Family wants killer to die

Victim's children urge the execution of Colvin-el as scheduled

`He murdered my mother'

Homicide was in 1980

high-profile rallies have sought clemency

June 03, 2000|By Dennis O'Brien | Dennis O'Brien,SUN STAFF

Lena Buckman's children issued an emotional plea yesterday for her killer to be executed this month, saying that Eugene Colvin-el is a career criminal undeserving of mercy.

William Buckman, 70, recited lines from his mother's favorite poem to describe her, and showed her photograph to reporters at a news conference in Towson organized by the Baltimore County state's attorney's office.

Buckman said his mother often quoted from a "A Few Words on Success," a 12-line poem widely attributed to Ralph Waldo Emerson, which describes ways to "leave the world a bit better." He said he carries a copy in his wallet to remind him of her.

"I want you to know that my mother was not just a statistic or a name," Buckman said, his voice choked with emotion. "She was a mother and a grandmother with a name and a face."

The event was organized to counter a number of widely publicized rallies in recent weeks at which Colvin-el's supporters and opponents of the death penalty have called on Gov. Parris N. Glendening to grant clemency and impose a moratorium on executions.

Colvin-el, 55, is scheduled to die the week of June 12 for the Sept. 9, 1980, killing of Mrs. Buckman.

Maryland's three Roman Catholic bishops joined a number of elected officials this week in calling for clemency for Colvin-el and a moratorium on all executions.

Mrs. Buckman, 82, a widow, was visiting her daughter's Pikesville home for the Jewish High Holy Days when she was stabbed 28 times with a kitchen knife.

Fingerprint key to conviction

Colvin-el was convicted after his fingerprint was found on glass from a door police say he used to enter the house. He also pawned jewelry stolen from the home.

Buckman, who flew at his expense from his home in Northbrook, Ill., for the briefing, was accompanied by his sister, Marjorie Surell of Baltimore, and Assistant State's Attorney Mickey Norman.

Buckman and Surell noted that Colvin-el had 16 previous convictions and that at the time of the murder, he was on parole for breaking into the home of another elderly woman, tying her up and threatening her with a knife.

Being imprisoned for that 1972 break-in taught Colvin-el not to leave witnesses behind, Buckman said.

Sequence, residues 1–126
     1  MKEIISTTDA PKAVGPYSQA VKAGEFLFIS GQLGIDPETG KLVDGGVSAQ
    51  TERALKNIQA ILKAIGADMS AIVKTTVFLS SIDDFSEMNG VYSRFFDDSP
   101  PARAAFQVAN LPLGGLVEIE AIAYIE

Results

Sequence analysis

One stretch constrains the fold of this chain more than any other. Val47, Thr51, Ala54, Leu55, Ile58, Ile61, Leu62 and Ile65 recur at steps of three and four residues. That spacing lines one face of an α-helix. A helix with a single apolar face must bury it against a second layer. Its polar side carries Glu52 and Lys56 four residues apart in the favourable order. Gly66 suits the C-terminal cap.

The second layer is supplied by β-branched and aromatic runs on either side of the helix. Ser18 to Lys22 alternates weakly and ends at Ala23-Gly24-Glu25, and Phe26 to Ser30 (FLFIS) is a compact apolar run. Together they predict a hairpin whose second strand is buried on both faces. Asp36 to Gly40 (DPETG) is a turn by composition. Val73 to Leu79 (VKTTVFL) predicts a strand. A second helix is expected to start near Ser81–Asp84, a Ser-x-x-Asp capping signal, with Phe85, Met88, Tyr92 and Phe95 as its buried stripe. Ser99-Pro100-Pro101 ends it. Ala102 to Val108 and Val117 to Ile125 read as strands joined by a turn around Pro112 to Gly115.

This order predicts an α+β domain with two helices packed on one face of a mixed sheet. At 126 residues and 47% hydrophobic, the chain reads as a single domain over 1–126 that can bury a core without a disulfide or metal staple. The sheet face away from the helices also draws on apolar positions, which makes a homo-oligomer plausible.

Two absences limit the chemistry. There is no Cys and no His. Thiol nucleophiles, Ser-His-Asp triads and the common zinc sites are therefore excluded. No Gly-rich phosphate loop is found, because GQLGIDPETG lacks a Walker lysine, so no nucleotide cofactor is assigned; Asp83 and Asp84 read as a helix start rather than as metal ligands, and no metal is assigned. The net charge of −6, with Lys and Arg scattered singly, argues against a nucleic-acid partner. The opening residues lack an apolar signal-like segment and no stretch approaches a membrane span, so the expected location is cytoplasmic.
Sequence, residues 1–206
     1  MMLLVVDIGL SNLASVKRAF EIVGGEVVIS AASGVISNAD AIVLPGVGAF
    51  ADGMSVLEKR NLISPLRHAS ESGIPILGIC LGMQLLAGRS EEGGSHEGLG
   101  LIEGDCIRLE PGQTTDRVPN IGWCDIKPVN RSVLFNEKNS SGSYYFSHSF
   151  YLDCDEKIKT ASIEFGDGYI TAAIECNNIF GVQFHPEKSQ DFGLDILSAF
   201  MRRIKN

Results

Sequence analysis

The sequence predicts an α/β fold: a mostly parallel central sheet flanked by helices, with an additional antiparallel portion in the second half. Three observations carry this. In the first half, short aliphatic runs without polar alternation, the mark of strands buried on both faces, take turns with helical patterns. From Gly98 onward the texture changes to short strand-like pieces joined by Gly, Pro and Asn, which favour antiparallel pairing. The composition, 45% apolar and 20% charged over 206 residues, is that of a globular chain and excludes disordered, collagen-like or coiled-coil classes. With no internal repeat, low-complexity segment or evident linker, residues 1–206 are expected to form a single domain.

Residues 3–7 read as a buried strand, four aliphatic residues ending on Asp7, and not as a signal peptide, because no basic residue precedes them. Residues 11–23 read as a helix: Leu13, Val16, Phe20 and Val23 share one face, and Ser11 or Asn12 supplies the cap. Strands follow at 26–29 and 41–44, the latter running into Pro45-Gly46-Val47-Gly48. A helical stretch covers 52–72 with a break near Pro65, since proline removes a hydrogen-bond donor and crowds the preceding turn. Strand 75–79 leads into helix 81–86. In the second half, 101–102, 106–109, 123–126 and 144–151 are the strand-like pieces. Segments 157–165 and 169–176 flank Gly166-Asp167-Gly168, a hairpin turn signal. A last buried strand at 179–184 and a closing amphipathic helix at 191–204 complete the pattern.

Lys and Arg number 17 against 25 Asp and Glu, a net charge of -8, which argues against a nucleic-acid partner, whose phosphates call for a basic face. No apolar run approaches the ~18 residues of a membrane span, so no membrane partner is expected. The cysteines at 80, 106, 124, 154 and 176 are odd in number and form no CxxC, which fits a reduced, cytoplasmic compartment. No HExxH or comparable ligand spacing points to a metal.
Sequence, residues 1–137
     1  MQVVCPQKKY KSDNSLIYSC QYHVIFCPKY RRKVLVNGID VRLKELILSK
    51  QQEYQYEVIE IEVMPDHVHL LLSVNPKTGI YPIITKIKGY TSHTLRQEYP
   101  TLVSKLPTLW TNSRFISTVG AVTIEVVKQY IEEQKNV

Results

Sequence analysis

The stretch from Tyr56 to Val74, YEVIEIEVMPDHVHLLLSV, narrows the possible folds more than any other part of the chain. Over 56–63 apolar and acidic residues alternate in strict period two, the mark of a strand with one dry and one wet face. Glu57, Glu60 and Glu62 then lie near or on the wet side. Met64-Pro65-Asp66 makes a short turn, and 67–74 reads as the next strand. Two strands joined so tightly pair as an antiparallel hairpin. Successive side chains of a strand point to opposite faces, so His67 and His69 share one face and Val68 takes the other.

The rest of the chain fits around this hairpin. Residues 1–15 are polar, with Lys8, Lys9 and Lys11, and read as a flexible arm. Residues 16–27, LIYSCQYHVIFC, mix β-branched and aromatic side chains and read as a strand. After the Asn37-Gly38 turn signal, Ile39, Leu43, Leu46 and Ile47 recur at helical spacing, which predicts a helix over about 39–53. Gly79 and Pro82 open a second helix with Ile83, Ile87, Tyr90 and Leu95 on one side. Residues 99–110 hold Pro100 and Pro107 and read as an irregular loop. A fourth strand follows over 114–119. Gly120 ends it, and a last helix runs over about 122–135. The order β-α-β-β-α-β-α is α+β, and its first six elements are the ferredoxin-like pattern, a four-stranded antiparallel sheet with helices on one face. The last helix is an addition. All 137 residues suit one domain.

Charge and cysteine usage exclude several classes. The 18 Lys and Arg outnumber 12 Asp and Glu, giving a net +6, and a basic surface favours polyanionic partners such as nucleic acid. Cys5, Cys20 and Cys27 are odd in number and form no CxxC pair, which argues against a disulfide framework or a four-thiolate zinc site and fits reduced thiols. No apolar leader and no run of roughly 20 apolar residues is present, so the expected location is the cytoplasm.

"He murdered my mother because he didn't want to go back to prison," he said.

Surell, 75, added that time has not healed the emotional wounds inflicted by the killing.

"The grief is still as deep as it was 20 years ago," she said.

Norman, who has handled the prosecution since 1986, also released a report yesterday that he sent to Glendening to argue against granting clemency.

The 28-page report says that Colvin-el's record includes 14 burglary convictions and that he broke into four homes in the months before his arrest Jan. 8, 1981. He also tried to flee after the 1972 break-in by ramming his stolen car into a police car, the report says.

"If we're going to have justice in this country, then let's carry out the sentence -- that's what this comes down to," said Norman, who plans to witness the execution with Buckman and Surell.

Buckman and Surell said they have no problem with people expressing their opposition to the death penalty.

But they said they are "infuriated" by some of the claims made by Colvin-el supporters, including assertions that no physical evidence had linked Colvin-el to the crime scene.

"The issues they've raised have been outlandish and outrageous," Buckman said.

Race arguments rejected

Buckman and Surell also rejected arguments that race played a part in Colvin-el's conviction.

The jury that convicted Colvin-el in 1981 was all-white, but the jury convened to sentence him again in 1992 was racially mixed, Norman said.

"Police, when they went looking for the man who committed this crime, were not looking for a white man, they were not looking for a black man, they were looking for a man who matched the pristine fingerprint found at the scene of this crime," Buckman said.

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